Kling-Force Walks the Walk
ArKaos continues to expand its work and partnerships in the ‘architainment’, architectural and commercial creative media installation sectors … on a recent project in the International Terminal at Brussels’ Zaventem Airport. This is a collaboration with lighting and visual designer Koert Vermeulen of creative agency ACTLD. The power and flexibility of ArKaos’s Kling-Net control protocol and Kling-Force LED interfaces have been harnessed to bring dynamic control to a 30,000 pixel video and kinetic sculpture which runs above the main travellator leading from the jetway to the baggage reclaim hall.
ACTLD was commissioned by Toerisme Vlaanderen (Flanders Tourism) to design, specify and supervise the production. For the installation, integrators Create won a public tender to deliver the project based on ACTLD’s specifications.
ArKaos and ACTLD have partnered on several previous projects, and ArKaos managing director Agnes Wojewoda commented, “We work with a number of production companies and designers and were very happy to co-operate with Koert again on such an imaginative installation. His pioneering work in the creative media field really pushes our technologies and these are the challenges we love!”
The animated installation is 100 metres long and a combination of low and medium resolution LED strips and panoramic video panels in the ceiling, fitted above a special kinetic fabric.
A loop of content runs on the display 24-7 in this tough and demanding environment, giving all passengers arriving into the main International Terminal ideas and a glimpse of what they can expect and do in the region as they walk through to get their bags. Literal content appearing on the main video panel displays is processed into more abstract animations running through the length of the installation, retaining the same colour, tonality and continuity as people pass along the travellator.
Control, was the most galvanising and brain-teasing aspect of the project!
Around 7000 pixels long by 700 wide, utilising traditional DMX was not a viable option … something altogether more “neat, agile and cost-efficient” was needed explained Koert.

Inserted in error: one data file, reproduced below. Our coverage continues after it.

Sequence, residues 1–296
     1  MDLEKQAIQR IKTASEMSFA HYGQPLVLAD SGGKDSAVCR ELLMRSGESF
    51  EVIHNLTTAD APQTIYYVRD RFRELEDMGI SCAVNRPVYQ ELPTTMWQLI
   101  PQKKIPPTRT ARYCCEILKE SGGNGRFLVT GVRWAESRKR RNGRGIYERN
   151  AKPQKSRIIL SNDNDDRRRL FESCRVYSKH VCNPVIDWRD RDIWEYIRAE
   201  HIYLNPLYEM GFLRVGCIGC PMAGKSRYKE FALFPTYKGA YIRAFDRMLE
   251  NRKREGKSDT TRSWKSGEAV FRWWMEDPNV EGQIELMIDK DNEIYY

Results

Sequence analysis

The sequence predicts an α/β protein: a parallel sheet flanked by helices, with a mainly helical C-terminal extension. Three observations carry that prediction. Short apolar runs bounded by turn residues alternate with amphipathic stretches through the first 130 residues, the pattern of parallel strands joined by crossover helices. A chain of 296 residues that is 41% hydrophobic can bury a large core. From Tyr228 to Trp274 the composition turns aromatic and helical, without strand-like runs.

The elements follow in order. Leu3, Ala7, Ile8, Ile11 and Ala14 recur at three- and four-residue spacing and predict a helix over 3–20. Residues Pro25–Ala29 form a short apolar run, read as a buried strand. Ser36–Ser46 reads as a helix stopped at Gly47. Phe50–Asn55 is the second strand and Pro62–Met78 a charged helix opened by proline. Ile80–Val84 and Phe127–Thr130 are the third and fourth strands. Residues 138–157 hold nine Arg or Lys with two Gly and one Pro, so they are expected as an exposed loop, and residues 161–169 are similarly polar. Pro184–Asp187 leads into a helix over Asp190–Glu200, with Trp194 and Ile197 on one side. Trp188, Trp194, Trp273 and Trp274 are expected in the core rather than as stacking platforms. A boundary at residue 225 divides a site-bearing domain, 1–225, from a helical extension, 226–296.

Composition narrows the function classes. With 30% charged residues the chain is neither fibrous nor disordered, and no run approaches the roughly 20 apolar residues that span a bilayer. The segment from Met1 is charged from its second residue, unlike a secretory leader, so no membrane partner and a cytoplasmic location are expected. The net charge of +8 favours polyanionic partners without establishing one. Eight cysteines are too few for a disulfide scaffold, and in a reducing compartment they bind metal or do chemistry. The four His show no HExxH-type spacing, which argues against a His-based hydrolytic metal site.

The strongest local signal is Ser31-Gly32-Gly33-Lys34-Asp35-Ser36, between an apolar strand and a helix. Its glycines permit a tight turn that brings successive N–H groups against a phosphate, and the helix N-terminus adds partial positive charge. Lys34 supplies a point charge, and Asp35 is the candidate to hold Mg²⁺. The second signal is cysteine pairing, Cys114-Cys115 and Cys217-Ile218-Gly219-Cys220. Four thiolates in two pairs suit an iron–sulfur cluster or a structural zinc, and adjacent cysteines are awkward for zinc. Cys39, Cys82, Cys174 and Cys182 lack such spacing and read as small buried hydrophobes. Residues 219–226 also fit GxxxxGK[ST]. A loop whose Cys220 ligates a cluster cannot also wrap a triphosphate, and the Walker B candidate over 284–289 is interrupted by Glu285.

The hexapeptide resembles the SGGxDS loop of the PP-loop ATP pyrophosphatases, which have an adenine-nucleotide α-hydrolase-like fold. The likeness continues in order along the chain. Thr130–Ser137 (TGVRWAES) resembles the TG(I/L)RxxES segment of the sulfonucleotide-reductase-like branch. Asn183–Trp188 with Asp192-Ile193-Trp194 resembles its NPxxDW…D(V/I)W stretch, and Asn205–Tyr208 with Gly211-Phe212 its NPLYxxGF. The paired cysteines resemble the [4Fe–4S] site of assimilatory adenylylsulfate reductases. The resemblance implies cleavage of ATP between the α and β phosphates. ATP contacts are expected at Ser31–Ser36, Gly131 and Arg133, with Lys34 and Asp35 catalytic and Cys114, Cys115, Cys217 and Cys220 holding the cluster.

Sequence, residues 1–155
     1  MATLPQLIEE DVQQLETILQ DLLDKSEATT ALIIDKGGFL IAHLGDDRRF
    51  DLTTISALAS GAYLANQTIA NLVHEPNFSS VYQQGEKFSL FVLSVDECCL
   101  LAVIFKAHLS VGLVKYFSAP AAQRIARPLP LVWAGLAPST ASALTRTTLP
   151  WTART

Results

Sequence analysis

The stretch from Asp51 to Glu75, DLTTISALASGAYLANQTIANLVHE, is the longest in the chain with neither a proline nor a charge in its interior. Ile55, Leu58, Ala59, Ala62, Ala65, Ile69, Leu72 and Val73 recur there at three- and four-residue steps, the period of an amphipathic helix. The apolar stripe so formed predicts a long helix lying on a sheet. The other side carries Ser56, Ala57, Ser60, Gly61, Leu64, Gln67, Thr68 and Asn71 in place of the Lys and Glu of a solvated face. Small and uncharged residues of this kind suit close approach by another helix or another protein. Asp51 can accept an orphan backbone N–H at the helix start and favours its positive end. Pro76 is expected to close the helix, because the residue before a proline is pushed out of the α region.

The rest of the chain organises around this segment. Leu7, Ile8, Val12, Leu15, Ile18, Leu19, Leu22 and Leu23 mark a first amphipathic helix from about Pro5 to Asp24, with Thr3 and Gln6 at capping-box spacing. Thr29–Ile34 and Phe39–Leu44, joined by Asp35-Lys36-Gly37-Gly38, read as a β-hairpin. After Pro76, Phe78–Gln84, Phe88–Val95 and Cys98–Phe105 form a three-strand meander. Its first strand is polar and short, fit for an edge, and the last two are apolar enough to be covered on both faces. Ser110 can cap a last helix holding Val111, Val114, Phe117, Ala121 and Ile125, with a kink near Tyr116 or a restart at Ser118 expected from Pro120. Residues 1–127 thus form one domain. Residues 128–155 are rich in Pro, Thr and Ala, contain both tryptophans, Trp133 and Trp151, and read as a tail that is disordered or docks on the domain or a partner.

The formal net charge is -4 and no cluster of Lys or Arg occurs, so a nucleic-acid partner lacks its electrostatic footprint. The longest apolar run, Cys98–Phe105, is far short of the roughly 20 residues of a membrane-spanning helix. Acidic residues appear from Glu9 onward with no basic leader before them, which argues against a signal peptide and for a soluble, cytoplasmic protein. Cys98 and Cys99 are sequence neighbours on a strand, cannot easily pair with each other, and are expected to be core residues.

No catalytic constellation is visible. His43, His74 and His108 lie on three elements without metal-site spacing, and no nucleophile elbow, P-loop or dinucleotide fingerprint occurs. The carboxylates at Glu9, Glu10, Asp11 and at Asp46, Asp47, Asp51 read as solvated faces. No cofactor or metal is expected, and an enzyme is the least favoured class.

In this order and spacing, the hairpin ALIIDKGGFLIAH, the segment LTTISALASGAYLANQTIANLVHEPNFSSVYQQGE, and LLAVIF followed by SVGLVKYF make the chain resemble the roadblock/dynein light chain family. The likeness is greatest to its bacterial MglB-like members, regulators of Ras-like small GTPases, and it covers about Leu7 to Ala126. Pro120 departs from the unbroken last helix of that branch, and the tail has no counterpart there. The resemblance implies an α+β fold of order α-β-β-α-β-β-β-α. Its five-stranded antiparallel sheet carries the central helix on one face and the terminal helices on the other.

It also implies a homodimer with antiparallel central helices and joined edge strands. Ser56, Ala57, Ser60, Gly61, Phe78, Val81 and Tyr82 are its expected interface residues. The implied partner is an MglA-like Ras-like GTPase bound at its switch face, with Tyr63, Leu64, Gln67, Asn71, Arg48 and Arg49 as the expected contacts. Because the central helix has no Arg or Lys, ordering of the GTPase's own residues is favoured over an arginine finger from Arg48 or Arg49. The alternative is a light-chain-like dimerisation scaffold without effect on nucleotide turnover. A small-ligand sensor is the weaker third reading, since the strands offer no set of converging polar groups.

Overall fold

He immediately thought of ArKaos – he’s known the team and their inventive range of products for a long time, and knew Kling-Net had the adaptability and scope required for the desired control.
The solution utilises Kling-Net running via the Kling-Force LED interfaces which have been specifically designed as a straightforward plug-and-play solution for running data to all types of LED strips, and will work with most major and popular LED strip products currently on the market.
This is the first time that ACTLD has utilised Kling-Net in a permanent installation. “It was an extremely versatile, good quality, stable and affordable way to run content to this vast amount of pixels” stated Koert.
Having worked with ArKaos products in other sectors, he “knew that there would be huge advantages with the ease-of use and manageability of a Kling-Net / Kling-Force LED interface combination, and that ArKaos’s engineering would deliver exactly what we needed with great support and huge enthusiasm”.
The project was managed for ArKaos by the Brussels based company’s operations manager, Benjamin Bauwens. Apart from the technical challenges, once on site Create had to deal with several practical and physical ones associated with working airside in a busy and fully functioning international airport! The LED strips and panels were manufactured to order for by Lucenti, another Belgian company, with the Kling-Net chips supplied by ArKaos and embedded in the strips.
The kinetic fabric, in a similar way to prismatic lenses, can refract a lightsource placed inside its fibres in a number of different ways according to the weave. The video server was supplied by Create and is running ArKaos’ MediaMaster5 software. Eight Kling-Force LED devices drive this particular installation which communicate with MediaMaster 5 via Kling-Net, so the whole surface is one large mapped canvas running the content on a loop.
There is a specific pattern to the way the strips and panels are arranged, and the whole installation can be viewed from up to 200 meters away, so it’s already attracting people and subliminally encouraging them to walk in the right direction as soon as they turn in to the corridor having exited their planes. Highly visible, it adds a welcoming sense of entertainment and anticipation to an already energised and fast-moving space.
The timing of the video loop is optimised for the average ‘business pace’ walk down the travellator. Around 24 million people travelled through Zaventem airport in 2017 and it is one of the most important global hubs and gateways in the west of Europe for air travel worldwide.